To teach maths it makes sense that you would need to be proficient yourself. But many other academic subjects also require dexterity with numbers. For example, all the sciences use mathematical calculations. Music, design, ITC: all of these fields involve an element of numerical reasoning. Even home economics involves working with measurements. Teachers also need numerical reasoning abilities to calculate students’ grades, to understand performance targets, and to comply with school and departmental budgets.
Psychometric test publisher Websites
Firstly, try test publisher websites
Visit the test publisher Website once you know the type of psychometric tests you will be taking. Since most test publisher Websites offer practice questions.
For example, practise sample questions from Kenexa-IBM TalentQ and SHL sites. Reputable test publishers will send you some sample questions for you to practice in advance.
Secondly, familiarise yourself
Read the instruction and introduction sections carefully for each psychometric test you will take. This should ensure you are familiar with the test format.
Third, try to work efficiently without rushing
Each question is worth the same so don’t spend too long on a single question. You may find subsequent questions easier to answer. With the end of the test you can return to any unfinished questions. Although you may not finish the test, the best strategy is to answer as many questions as you can in the time available.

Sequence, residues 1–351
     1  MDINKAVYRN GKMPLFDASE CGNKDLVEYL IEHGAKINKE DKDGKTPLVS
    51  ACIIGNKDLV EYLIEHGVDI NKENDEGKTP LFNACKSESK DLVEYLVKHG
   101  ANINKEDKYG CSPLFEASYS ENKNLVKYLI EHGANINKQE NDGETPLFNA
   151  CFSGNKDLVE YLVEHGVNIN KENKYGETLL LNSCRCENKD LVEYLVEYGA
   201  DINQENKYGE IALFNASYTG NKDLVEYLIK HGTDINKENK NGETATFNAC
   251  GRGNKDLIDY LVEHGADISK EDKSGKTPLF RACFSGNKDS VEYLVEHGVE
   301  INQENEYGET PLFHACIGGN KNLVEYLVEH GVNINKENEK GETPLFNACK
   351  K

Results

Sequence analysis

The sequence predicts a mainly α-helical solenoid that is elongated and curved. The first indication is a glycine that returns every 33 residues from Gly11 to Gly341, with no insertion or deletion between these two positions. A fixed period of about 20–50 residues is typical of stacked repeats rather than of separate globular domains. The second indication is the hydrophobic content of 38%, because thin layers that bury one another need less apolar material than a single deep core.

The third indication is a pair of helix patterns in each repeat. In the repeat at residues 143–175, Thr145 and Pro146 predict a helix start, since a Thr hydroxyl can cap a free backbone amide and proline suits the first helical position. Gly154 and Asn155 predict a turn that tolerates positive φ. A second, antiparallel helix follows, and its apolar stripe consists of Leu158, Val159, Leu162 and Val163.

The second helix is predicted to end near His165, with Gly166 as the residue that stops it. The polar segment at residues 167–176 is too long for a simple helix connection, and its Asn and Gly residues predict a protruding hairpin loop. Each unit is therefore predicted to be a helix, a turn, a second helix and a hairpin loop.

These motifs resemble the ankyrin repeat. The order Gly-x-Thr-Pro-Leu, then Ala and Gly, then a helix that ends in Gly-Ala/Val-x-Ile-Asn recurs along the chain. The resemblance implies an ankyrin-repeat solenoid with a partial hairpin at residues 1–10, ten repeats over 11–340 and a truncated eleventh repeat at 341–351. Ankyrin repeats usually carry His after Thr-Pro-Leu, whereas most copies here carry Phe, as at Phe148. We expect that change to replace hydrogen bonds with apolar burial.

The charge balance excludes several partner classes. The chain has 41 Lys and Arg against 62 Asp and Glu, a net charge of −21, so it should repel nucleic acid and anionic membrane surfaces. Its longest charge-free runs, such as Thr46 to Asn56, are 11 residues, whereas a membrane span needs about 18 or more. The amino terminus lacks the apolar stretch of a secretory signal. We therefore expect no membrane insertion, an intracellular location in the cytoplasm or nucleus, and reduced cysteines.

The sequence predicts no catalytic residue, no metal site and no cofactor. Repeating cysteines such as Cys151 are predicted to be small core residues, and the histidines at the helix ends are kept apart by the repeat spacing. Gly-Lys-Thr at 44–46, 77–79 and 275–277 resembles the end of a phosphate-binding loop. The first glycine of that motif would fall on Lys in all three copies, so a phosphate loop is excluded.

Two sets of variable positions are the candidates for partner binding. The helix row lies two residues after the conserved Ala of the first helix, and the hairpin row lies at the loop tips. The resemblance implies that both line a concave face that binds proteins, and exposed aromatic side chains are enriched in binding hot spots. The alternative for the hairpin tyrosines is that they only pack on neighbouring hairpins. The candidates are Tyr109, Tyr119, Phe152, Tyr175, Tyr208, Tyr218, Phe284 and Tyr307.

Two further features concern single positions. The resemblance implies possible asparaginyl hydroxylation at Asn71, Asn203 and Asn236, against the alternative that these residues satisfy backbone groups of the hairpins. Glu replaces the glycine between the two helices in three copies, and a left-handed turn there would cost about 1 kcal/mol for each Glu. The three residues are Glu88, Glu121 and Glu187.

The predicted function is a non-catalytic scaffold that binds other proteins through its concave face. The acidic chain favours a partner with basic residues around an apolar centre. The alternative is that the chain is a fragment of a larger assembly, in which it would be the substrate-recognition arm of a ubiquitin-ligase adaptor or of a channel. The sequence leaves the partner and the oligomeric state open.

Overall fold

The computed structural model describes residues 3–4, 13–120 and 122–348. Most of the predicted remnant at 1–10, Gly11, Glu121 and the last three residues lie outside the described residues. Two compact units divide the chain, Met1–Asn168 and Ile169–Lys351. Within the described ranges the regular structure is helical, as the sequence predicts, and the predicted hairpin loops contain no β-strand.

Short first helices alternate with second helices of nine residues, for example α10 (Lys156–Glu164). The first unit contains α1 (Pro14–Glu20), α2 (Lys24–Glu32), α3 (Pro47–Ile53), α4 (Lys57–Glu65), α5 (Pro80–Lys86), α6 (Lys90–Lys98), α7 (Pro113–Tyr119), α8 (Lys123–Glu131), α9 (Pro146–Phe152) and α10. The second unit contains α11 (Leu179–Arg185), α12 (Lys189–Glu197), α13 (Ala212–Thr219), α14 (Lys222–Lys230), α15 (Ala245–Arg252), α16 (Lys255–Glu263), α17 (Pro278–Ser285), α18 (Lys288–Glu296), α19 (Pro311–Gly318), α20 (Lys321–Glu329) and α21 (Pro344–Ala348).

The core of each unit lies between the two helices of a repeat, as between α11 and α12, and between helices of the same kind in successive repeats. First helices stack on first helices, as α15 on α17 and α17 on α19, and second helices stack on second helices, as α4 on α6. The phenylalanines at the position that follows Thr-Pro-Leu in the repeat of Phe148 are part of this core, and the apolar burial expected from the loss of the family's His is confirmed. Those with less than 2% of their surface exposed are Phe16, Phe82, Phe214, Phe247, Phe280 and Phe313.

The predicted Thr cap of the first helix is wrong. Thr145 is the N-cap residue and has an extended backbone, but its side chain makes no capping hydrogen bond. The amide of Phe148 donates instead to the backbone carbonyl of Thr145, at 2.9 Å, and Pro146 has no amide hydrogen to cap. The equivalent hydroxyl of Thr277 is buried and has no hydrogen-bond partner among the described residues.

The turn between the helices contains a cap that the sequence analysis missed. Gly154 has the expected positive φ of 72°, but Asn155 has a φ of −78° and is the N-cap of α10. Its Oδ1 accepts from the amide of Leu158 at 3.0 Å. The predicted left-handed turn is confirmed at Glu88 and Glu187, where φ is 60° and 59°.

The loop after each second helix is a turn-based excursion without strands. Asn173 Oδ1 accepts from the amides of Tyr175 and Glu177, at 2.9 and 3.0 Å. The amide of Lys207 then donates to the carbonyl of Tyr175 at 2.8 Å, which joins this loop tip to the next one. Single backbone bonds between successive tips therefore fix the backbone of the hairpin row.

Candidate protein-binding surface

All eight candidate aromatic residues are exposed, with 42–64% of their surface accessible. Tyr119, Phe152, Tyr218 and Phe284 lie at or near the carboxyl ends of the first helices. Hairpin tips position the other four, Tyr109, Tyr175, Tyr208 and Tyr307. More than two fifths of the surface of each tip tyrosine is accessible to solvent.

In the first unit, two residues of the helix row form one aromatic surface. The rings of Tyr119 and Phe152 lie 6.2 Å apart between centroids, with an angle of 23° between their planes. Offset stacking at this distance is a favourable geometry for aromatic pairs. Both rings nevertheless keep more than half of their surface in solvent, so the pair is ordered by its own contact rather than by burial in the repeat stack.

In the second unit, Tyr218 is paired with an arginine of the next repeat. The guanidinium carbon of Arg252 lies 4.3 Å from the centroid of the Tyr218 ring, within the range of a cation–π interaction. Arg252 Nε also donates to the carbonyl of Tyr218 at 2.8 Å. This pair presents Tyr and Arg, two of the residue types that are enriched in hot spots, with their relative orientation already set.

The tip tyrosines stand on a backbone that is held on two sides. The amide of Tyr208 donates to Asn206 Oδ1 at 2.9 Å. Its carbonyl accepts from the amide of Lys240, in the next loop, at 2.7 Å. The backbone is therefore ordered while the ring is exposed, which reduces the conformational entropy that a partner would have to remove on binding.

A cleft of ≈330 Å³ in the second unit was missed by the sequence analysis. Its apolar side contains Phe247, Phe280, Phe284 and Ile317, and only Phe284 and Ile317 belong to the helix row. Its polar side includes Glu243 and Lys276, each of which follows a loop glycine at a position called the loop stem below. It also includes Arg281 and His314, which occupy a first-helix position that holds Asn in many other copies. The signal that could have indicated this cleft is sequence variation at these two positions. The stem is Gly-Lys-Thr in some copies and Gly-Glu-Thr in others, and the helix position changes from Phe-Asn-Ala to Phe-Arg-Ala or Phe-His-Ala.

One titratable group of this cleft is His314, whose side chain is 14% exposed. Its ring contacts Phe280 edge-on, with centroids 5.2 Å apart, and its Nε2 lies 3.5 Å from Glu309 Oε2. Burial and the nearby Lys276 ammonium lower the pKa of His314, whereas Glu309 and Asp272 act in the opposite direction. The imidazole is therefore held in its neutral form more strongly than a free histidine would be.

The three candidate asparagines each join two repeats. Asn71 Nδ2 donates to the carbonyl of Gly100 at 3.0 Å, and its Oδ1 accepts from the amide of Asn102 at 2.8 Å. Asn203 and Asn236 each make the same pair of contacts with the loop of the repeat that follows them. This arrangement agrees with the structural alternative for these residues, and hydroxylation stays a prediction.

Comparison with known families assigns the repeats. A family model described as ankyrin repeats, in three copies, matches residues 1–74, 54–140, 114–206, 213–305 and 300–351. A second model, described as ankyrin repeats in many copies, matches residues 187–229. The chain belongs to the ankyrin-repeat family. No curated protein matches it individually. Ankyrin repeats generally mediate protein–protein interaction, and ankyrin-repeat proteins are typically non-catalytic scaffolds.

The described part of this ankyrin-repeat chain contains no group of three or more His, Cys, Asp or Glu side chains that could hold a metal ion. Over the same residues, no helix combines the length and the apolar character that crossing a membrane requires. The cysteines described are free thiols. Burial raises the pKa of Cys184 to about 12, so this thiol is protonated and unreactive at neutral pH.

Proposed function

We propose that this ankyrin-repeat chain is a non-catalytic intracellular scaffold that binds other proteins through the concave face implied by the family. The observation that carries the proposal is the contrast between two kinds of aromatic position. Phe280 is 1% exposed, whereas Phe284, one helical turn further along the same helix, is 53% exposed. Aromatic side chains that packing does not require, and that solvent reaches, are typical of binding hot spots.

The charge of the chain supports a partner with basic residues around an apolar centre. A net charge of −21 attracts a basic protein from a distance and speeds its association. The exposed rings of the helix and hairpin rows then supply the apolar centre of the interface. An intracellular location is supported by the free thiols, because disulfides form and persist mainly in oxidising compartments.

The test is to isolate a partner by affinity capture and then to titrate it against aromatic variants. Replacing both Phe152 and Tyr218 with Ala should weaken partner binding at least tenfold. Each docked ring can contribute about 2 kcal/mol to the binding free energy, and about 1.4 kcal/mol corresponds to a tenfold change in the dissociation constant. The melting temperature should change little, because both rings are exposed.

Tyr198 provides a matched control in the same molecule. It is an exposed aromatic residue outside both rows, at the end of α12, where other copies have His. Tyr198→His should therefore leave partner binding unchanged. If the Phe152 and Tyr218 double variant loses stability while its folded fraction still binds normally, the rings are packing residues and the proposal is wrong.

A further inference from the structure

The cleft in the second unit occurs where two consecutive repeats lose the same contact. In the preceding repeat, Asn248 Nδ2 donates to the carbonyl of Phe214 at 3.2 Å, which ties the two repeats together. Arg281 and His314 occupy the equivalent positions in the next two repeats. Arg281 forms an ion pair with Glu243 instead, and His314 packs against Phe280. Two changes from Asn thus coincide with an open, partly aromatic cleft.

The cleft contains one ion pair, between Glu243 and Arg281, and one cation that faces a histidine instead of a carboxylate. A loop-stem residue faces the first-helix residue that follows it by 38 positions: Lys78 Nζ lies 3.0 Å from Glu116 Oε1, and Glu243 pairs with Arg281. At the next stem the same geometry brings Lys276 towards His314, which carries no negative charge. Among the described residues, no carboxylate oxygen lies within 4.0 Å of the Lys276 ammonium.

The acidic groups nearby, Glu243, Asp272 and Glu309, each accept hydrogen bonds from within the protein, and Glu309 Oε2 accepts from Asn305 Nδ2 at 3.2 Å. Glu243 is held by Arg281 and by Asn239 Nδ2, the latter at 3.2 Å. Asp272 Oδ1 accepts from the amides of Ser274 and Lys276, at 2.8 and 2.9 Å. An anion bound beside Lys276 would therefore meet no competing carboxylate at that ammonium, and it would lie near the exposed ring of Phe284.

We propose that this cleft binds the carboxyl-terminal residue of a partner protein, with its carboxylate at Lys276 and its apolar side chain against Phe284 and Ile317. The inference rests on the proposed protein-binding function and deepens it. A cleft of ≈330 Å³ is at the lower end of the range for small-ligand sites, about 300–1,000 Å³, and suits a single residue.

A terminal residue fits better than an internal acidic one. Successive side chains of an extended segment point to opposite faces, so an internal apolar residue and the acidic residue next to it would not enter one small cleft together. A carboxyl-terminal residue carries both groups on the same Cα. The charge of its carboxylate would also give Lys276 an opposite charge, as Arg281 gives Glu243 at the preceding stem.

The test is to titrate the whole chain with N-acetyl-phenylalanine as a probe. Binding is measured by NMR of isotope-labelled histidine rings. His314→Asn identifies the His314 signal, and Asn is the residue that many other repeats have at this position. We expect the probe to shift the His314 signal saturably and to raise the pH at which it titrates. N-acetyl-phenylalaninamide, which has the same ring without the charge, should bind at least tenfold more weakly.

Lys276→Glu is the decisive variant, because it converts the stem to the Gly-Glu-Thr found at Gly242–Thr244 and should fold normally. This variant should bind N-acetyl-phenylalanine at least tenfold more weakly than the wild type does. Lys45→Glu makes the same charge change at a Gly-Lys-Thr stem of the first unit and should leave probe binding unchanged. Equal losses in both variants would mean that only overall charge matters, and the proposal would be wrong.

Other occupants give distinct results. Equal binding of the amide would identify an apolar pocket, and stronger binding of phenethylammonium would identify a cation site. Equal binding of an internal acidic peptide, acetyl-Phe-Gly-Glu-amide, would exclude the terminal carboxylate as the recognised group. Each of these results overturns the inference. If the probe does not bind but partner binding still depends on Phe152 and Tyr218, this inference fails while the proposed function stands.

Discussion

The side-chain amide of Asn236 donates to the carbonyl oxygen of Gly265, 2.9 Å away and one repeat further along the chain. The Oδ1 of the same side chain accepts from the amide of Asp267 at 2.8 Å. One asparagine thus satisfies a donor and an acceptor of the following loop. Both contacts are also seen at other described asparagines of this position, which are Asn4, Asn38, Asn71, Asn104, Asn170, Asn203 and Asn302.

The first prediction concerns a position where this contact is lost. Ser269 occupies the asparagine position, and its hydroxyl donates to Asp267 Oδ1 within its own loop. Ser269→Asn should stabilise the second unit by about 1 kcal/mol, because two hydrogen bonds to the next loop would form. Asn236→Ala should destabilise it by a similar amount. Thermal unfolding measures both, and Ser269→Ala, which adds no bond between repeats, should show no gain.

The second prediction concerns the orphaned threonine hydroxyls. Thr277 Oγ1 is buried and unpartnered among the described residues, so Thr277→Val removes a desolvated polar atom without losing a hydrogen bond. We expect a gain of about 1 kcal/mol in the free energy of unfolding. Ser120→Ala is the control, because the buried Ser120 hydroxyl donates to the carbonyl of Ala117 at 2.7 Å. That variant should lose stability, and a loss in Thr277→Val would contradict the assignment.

Fourth, stay positive
If you find yourself struggling with a question, remember that every question is worth exactly the same point. You won’t be expected to get every question right, or even to complete every question. To pass the test – just do your best and try to answer as many correctly as possible.
Fifth, learn from your mistakes
You will probably get some of the practice questions wrong. Review the correct answers so that you fully understand where you went wrong. You should learn how to approach such questions next time around.
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Additional 11 Plus numerical reasoning test practice
11+ numerical reasoning test practice